1. Southern Spain ~1.900 W/m2/p.a.
2. Southern California ~2.900 W/m2/p.a.
3. Sahara ~2.300 to 2.600 W/m2/p.a.
4. India ~1.300 to 1.900 W/m2/p.a.
5. South East Asia <1.500 W/m2/p.a.
(example Indonesia, Vietnam, Thailand, Myanmar, Malaysia)
The first observation is that, on average, India and South East Asia have worse sunshine conditions than Southern Spain. This is primarily a result of the Monsoon. For the Sahara at 22 ºN latitude, the DNI map (Figure 1) illustrates that, except for a core region, the Sahara has a lower DNI than Southern California but is superior to Spain. However, neither MacKay nor the authors of the energypost.eu article considered the following key problems with the Sahara or, in fact, with any desert-based solar solution: lack of water, lack of infrastructure, high temperatures, haze, dust, and, most importantly, sandstorms.
Nomadd, founded at Saudi Arabia’s King Abdullah University of Science & Technology in 2012, has studied this subject intensively and concludes that “Dust build-up is the greatest technical challenge facing a viable, desert solar industry. A 0,4-0,8% per day baseline yield loss caused by dust. 60% energy yield losses during and after sandstorms are widely reported. If left more than a day, dust particles from organics, dew and sulfur adhere to the panels”. Solar Star in California requires almost 200.000 m3 of water annually to wash the panels for dust control. If dust conditions in the Sahara were similar (they are much more stringent), then rainfall over about 250 km2 would need to be collected and used for washing, requiring storage and distribution facilities as well.
Numerous peer-reviewed studies researched the issue of sandstorms and large solar parks in the desert, but so far, no commercially viable large-scale solution has been found. The Saudi Arabian Nomadd, however, suggests that the Nomadd system16, itself can work without water and clean a solar panel within two hours. The system has not been implemented at large scale and costs/maintenance and abrasive effects on the panel surface are to be detailed. Electrostatic methods removing dust from PV elements, as planned by ACWA in Saudi Arabia, have been studied and offer promise. No moving parts or water would then be required. These methods reduce the need for water-surfactant cleaning but may not eliminate it.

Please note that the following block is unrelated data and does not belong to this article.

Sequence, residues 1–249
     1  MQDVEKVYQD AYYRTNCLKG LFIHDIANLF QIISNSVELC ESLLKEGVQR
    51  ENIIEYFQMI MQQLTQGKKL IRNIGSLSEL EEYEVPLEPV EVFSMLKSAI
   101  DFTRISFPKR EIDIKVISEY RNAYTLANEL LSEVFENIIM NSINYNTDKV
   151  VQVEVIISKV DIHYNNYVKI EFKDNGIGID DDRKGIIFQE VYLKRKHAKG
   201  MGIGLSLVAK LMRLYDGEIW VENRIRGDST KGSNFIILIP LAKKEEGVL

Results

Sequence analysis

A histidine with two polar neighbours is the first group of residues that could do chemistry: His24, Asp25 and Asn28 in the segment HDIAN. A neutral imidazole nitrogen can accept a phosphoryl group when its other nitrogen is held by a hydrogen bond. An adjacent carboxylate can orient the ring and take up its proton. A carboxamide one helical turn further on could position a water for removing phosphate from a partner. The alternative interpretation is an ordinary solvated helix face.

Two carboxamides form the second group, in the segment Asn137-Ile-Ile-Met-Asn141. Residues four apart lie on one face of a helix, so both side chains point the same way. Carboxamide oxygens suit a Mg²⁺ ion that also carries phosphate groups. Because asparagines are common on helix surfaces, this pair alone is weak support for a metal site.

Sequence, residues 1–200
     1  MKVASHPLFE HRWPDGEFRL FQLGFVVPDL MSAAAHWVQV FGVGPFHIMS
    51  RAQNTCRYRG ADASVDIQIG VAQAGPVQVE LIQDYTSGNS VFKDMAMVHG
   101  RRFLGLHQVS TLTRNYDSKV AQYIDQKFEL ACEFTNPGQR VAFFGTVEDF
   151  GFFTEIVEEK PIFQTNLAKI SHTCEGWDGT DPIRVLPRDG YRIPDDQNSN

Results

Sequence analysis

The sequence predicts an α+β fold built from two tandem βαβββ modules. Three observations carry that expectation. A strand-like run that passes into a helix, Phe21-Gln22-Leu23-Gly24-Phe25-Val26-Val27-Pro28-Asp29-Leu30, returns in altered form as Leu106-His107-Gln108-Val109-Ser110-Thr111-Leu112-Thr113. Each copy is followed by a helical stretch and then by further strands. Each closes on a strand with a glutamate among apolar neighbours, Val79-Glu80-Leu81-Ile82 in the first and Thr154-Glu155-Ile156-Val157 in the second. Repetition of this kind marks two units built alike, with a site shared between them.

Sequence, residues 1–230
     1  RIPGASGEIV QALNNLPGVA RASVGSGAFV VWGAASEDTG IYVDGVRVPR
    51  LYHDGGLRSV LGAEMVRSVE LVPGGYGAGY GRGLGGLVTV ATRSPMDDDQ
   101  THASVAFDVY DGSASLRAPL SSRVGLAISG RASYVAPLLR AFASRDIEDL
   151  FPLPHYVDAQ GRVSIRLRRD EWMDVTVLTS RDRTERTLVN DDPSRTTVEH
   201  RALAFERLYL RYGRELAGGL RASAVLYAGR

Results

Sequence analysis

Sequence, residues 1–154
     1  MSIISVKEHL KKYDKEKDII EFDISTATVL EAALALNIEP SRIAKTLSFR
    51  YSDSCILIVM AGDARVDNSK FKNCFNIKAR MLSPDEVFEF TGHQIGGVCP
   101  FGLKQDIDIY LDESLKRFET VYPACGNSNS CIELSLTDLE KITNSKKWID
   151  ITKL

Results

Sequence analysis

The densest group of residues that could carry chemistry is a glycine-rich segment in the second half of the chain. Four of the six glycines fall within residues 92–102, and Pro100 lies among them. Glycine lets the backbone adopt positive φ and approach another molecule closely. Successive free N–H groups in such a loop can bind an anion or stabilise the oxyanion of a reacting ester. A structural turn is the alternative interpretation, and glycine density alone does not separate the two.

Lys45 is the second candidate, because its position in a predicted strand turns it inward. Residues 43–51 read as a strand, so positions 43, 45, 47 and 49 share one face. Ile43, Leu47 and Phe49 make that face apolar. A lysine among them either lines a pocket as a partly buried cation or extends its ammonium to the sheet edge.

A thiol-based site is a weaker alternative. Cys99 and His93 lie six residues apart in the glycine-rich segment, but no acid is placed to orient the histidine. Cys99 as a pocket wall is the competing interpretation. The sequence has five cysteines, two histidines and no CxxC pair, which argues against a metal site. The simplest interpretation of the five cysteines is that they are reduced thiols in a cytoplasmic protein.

In addition, the desert regularly reaches temperatures of over 50 ºC. Coupled with heating by the absorbed solar energy, the panels’ efficiency drops by at least 0,5% per ºC above 0 ºC. This means that the typical temperature rises from a typical morning temperature of 10 ºC to an afternoon temperature of up to 50 ºC will cause a loss of up to 20% in efficiency. This requires an even larger PV-Sahara to meet the world energy demands. Further, the constant expansion-contraction from diurnal cycles of over 35 ºC stresses the panels’ electrical and physical connections, leading to failure. Lifetimes for PV panels in the Sahara Desert are likely to be well below the typical 15 years. NASA concludes that “Solar power in the desert brings some challenges. According to IEEE Spectrum, extremely high temperatures can sometimes damage inverters, which convert the DC power made by the photovoltaics into the AC power needed for the grid. High voltage transformers are also subject to high temperature loss of efficiency and failure.”
In conclusion, even if the authors assume dust, haze, and sandstorms are not problems and assume a Sahara/CA DNI Factor of 1,1x and reduce the Winter Capacity Factor to an optimistic 1,3, the following applies:
Total required adjustments compared to California are 1,6 x 1,5 x 1,3 x 1,1 x 1,3 = 4,5x. Thus, the total required area of PV-Sahara for Germany becomes~19.000 km2 (4,5 x 4.220 = 18.990 km2). If one now takes the world 27.000 TWh vs. Germany 550 TWh, one has to multiply the 19.000 km2 by 49x, or ~1.000.000 km2, to provide electricity for the entire world with solar photovoltaics in the Sahara. This is half the area required by MacKay because he assumed average European consumption for the entire world. Presently, over 600 million people in Africa have no access to electricity at all. However, it should be considered that above calculation and in fact also MacKay’s numbers are too optimistic because of lack of water, lack of infrastructure, high temperatures, haze, dust and most importantly, sandstorms.